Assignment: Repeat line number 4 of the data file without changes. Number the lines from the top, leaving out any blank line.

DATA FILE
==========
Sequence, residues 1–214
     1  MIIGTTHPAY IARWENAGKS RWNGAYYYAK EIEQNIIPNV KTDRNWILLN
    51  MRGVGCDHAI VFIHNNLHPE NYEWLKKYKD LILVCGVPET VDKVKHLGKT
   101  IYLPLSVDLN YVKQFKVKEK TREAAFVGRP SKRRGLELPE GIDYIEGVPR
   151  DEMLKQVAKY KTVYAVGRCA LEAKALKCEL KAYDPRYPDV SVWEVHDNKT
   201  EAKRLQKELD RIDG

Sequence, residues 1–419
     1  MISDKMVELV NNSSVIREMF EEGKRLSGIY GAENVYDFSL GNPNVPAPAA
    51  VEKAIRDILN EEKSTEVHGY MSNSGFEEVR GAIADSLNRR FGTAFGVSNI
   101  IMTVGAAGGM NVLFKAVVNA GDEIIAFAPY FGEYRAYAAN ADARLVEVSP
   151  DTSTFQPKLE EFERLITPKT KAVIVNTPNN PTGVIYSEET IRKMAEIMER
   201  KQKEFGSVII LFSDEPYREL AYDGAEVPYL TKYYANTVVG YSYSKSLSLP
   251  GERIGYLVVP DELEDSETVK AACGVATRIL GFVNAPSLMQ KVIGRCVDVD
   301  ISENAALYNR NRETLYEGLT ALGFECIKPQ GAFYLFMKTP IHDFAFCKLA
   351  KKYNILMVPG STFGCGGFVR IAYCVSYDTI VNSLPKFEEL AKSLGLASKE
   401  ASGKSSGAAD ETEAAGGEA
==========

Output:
   101  IYLPLSVDLN YVKQFKVKEK TREAAFVGRP SKRRGLELPE GIDYIEGVPR